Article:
WHEN is celebration considered too much celebration? This is the question that came to the fore last week, when the US women’s football (or soccer, as the Americans like to refer to it) team beat Thailand 13-0. To neutral fans and impartial observers, the over-exuberance of the American team was tantamount to kicking the opposing team when they were already flat on the ground and constituted extremely unsportsmanlike conduct, to say the least.
This is not the first time that an American team has been thus accused.
The US professional basketball teams that represented the country in the Olympics–the original Dream Team as well as its succeeding incarnations–were also similarly characterized. Winning by lopsided margins, they were often seen jumping about, high-fiving and just about dancing around the court as they scored at will, giving the impression that they were making fun of and insulting their opponents in the process.
Sports is a spectacle and, as such, is meant to be a lot of fun, both for those who play in them and those who watch them. It is therefore difficult, almost impossible, to restrain the players from showing extreme gestures of happiness, whenever they are winning games, especially by extremely huge margins. Showboating, as it is often referred to, is most common in team sports like basketball, but practically all team sports–especially American ones–have them aplenty. It is part of their sporting culture, and indeed, part of the American character. They love to celebrate, be it to chants of USA, to the wild fist-pumping and even the uniquely American routine of body-bumping.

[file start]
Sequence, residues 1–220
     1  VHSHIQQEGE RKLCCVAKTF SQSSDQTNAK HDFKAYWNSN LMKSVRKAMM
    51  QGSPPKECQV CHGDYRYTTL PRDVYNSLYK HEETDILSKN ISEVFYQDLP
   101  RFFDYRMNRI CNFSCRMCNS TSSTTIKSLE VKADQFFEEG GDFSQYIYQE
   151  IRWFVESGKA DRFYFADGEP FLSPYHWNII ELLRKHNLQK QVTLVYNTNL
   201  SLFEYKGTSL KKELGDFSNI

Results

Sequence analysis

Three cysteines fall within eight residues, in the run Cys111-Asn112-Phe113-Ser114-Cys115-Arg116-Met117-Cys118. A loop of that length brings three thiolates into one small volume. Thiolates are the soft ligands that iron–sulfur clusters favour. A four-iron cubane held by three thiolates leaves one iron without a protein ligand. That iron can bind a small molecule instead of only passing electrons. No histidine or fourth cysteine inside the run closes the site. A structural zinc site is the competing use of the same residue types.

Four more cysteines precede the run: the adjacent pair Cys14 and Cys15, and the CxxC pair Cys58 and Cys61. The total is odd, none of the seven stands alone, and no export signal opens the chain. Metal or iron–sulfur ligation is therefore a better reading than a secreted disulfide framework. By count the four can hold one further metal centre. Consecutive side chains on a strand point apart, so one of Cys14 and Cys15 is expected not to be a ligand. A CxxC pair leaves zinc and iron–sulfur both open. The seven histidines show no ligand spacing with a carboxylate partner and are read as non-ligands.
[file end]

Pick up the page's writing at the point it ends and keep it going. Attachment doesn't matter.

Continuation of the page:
Sporting culture, though, is not necessarily the same elsewhere. And not in all sports, I should add.
Think about the fighting arts, as an example. Boxers pummel each other to a bloody pulp in the best of times, but as soon as one is rendered helpless and incapacitated, you can be sure that the victor will show utmost respect for the victim by immediately ceasing hostilities and retreating to a neutral corner. Such is the chivalry that exists in these blood sports, that to go against this accepted code of conduct would be to put a fighter in a very bad light indeed.
I remember the epic Muhammad Ali–George Frazier encounters in the 1970s. Both men fought each other in memorable slugfests, both ending up as victor, but also suffering as the vanquished. And yet, despite their encounters in the ring, both men held a healthy respect for each other, which they showed especially when they were beating each other up.
But fighting arts or not, elsewhere outside of the US, etiquette is seen to be a sporting man’s virtue, equaling even playing prowess itself as being as important for an athlete to possess. That’s why it is not strange to see Sebastian Coe to be honored as Lord Coe and living the title quite fittingly. Sir Ian Redgrave, Sir Bobby Moore, Sir Bobby Charlton–these are just some of the sporting legends that remind us all of the need for character in the middle of a sporting struggle.
I can’t fault the American women for expressing their joy at winning. Not at all. For the work they put in for this World Cup, they deserve to be winning in the fashion they did. But I also think that playing a sport–and by extension, winning or losing in one–is real life gamified. It demands that athletes do their best to win, but when they do, to triumph with magnanimity and respect for the vanquished.
Kudos to the American women for dominating their opponents as much as they did. But next time they should be a bit more respectful of their opponents, just as Ali was with Frazier when the latter declared that he could not anymore continue to fight in that unforgettable classic, “The Thrilla in Manila.”